We are coming on to Tu B’Shevat and I wanted to share a recipe as well as discuss why the Mediterranean Diet is the healthiest in the world. Believe it or not – the two subjects go hand in hand.
It’s amazing to me how much energy is put into keeping slim, preventing heart disease, improving diabetes risk and other health issues caused due to diet. The Mediterranean diet is the healthiest in the world. Studies show it is favorable to heart disease, diabetes, some forms of cancer, and asthma, and even can help prevent dementia.
Mediterranean diets may vary depending on the country of origin of local nuances. But they share many commonalities and consist of plenty of fresh vegetables, grains, nuts, legumes and fruits. Extra virgin olive oil is the predominant fat because the region is rich in olive trees. Meals are often accompanied by wine in moderation.
The Italian diet is low in fat. The Spanish have more fat in their diet due to more use of olive oil. The Israeli diet is different in that it is influenced by the West in its use of eggs, dairy products and meat. Still the Israeli diet is rich in fresh vegetables (tomatoes, cucumbers, peppers) and fruit (figs, dates, etc) and grains. Think of bulghur and faro, to name a few.
So why is the Mediterranean diet so healthy? Due to its high anti-oxidant content. Our bodies produce supercharged oxygen and nitrogen molecules which are harmful unless we neutralize them with anti-oxidants. Natural foods and plants – the basis for the Mediterranean diet - are full of anti-oxidants and defend our bodies from these supercharged oxygen molecules.
Now to Tu B’Shevat. The birthday of the trees is Tu B’Shevat celebrated on the 15th of Shevat, is January 25. It is the day the trees begin their fruit bearing cycle and we eat the fruit of those trees mentioned in the Torah that grow in Israel - figs (te’enah), dates (tamar), olives (zayit), grapes (gefen), and pomegranate (rimon). We also add wheat (chitah), barley (se’orah) to complete the list of seven species. All are loaded with anti-oxidants. Each grows well in the Israel.
These were the staples of the ancient diet. Add to that almonds (shaked), the unofficial eighth species, due to all the almond trees in Israel that bloom right around Tu B’Shevat. The seven species are still important agricultural foods for Israel, but they no longer dominate the country’s produce.
It has become trendy to have a Seder on this holiday. Each of the four courses introduces fruits and the seven species. The first glass of wine is white, the second mixes a little red wine into the white wine, increasing the darkness of the wine in the third glass. The fourth glass of wine is completely red wine.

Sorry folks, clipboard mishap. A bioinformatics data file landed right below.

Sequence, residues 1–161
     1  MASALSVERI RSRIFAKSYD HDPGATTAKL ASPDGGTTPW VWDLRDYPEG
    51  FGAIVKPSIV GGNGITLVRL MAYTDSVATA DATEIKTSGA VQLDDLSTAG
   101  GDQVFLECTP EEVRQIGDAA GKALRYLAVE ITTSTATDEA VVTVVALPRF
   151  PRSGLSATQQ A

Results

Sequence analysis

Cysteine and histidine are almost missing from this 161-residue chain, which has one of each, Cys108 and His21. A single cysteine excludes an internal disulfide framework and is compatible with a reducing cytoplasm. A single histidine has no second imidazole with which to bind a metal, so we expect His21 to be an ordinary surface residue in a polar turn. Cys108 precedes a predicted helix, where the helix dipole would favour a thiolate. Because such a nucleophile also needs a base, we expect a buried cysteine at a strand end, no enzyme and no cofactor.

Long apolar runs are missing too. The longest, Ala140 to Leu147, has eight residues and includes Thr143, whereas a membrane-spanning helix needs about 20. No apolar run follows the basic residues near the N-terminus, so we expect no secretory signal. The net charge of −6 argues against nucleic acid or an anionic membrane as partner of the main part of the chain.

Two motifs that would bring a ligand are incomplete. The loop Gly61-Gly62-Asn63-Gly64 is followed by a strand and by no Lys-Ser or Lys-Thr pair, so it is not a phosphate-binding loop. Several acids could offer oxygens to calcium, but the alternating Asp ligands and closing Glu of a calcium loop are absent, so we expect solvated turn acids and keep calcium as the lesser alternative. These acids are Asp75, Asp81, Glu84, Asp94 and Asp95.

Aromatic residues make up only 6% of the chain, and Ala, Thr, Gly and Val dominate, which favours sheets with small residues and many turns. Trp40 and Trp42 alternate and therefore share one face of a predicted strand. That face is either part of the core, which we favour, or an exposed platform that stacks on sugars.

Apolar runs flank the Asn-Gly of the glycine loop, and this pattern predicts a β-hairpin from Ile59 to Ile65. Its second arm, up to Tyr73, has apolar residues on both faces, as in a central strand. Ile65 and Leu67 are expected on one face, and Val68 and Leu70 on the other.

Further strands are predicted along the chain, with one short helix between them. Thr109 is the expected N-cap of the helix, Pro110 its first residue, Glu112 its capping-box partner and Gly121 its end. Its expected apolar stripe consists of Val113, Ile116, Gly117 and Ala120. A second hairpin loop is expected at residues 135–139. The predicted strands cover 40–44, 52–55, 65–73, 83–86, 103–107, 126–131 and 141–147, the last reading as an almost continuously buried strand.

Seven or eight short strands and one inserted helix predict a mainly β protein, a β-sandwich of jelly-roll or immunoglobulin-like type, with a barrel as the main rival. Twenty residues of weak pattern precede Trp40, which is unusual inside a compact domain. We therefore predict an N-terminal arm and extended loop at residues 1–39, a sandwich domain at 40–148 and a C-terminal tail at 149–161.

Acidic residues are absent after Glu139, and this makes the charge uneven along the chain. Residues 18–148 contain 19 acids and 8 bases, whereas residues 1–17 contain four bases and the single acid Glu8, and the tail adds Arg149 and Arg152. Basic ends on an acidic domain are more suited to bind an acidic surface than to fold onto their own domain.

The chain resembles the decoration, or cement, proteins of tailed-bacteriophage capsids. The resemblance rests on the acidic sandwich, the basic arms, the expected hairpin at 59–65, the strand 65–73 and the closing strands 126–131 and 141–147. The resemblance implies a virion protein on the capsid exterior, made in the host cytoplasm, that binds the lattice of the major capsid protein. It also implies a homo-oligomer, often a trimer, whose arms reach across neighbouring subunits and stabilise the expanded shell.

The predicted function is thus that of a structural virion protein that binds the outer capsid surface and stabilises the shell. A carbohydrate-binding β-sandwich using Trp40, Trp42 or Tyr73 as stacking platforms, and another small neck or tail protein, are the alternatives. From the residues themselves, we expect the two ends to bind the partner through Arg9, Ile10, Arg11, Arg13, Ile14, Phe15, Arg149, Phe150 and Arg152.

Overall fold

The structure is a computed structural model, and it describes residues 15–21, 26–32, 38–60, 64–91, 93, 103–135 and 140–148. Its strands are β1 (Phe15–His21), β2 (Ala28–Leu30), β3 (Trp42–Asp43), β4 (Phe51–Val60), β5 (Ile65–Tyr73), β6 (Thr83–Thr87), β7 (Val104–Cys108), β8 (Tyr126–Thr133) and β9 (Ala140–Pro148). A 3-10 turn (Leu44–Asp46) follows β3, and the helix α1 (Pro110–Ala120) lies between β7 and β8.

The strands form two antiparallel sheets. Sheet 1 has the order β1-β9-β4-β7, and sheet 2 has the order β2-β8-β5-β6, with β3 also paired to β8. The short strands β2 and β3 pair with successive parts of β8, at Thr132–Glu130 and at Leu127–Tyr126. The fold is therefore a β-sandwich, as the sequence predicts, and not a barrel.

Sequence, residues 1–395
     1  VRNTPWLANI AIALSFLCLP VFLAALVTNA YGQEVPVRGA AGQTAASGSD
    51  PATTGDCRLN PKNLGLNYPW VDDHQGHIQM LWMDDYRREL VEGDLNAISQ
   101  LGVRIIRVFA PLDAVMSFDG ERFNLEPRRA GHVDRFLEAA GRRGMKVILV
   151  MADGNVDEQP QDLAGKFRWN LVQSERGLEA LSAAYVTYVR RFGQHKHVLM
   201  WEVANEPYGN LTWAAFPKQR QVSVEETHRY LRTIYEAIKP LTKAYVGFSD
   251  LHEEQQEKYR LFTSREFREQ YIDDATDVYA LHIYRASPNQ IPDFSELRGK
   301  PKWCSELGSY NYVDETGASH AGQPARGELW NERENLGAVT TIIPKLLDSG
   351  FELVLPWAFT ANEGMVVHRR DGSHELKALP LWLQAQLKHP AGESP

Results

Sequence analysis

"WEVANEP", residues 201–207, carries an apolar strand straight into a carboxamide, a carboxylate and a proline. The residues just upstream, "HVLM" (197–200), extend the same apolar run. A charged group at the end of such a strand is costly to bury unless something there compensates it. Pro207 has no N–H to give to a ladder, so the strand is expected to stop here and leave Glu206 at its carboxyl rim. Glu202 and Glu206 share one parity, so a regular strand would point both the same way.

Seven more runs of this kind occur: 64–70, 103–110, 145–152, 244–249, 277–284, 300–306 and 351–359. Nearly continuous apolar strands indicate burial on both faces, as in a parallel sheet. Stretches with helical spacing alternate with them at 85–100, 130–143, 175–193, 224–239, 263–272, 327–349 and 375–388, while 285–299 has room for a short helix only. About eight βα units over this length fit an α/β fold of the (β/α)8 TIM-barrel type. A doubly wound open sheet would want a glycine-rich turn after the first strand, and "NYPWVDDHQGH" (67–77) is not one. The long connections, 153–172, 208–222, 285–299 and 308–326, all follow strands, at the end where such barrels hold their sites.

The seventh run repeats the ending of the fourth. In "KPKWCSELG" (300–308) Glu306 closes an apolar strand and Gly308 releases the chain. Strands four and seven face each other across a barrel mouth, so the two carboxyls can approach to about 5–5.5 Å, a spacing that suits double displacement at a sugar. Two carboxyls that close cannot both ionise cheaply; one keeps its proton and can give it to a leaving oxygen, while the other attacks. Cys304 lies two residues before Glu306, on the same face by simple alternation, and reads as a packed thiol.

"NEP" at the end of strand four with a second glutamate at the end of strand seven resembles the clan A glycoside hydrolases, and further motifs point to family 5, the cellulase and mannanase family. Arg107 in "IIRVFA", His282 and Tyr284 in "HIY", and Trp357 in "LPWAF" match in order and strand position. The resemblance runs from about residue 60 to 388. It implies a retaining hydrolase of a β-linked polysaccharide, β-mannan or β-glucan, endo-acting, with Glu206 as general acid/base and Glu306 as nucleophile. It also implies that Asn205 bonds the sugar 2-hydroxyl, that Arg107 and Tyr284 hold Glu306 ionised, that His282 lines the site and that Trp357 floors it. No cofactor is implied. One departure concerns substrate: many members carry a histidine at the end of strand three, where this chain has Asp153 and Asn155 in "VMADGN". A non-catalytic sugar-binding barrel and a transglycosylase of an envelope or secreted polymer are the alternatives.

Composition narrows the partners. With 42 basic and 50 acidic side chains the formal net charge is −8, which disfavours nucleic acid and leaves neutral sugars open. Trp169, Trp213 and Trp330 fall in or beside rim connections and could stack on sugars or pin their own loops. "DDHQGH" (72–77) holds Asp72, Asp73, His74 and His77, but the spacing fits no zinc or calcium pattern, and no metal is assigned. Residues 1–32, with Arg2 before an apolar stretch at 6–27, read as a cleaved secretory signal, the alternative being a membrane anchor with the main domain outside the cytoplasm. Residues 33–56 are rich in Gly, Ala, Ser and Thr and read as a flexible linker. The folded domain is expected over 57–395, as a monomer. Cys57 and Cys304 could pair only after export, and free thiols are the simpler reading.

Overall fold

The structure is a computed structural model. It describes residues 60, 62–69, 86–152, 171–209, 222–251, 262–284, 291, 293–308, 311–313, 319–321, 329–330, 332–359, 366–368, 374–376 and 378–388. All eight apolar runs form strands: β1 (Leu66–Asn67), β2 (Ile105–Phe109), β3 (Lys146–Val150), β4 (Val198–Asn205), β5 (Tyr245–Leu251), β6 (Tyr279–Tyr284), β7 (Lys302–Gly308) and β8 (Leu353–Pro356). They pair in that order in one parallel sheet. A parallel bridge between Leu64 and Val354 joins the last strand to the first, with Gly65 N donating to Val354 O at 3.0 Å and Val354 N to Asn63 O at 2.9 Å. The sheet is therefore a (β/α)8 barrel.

I think it is a cool idea to have a dish that includes the seven species. I did a lot of research for ideas and every recipe had one or two or three of the species. I wanted a recipe that incorporated all seven. It took a little creativity to come up with one recipe that included them all, but I did it!
So here is my Sephardic take. I created a luscious – absolutely divine - Seven Species Couscous Salad using pearl barley, all of the fruits, and whole wheat croutons! Mint and lemon help this dish pop in your mouth.
Wait till you try it my Seven Species Couscous Salad! It is a meal all by itself. This recipe is included in my cookbook Backyard Kitchen: Mediterranean Salads, available on Amazon.
Seven Species Couscous Salad
- 4 C water or vegetable broth
- 1 TBS salt
- 2 C Pearl Barley (1 lb)
- 12 figs, quartered
- 12 pitted dates, sliced
- ½ C pomegranate seeds
- ½ C slivered almonds
- ½ C feta (optional)
- Mint leaves for garnish
- 1/4 C olive oil
- 1 tsp kosher salt
- ½ tsp pepper
- 2 TBS chopped mint
- 6 slices whole wheat bread, cut into pieces
- 1/4 C parmesan cheese
- 1/3 C olive oil
- 2 TBS grape juice
- Grate rind and Juice one lemon
- 1 tsp. wine vinegar
- 1 ½ tsp Kosher salt
- ½ tsp pepper
- Boil water. Add pearl barley, olive oil and salt. Simmer 20 minutes covered until water evaporates. Turn off heat and let sit.
- Prepare croutons by mixing olive oil, salt, pepper, and mint together in the bottom of a bowl. Mix in the whole wheat bread and add parmesan cheese. Bake at 400 for 10 minutes to crisp.
- Whisk dressing ingredients together to make vinaigrette.
- Place cooked pearl barley on a platter. Pour on vinaigrette and mix.
- Sprinkle figs, dates, pomegranate seeds, almonds and croutons on top. Add feta if using.
- Garnish with mint leaves. Serve warm and enjoy!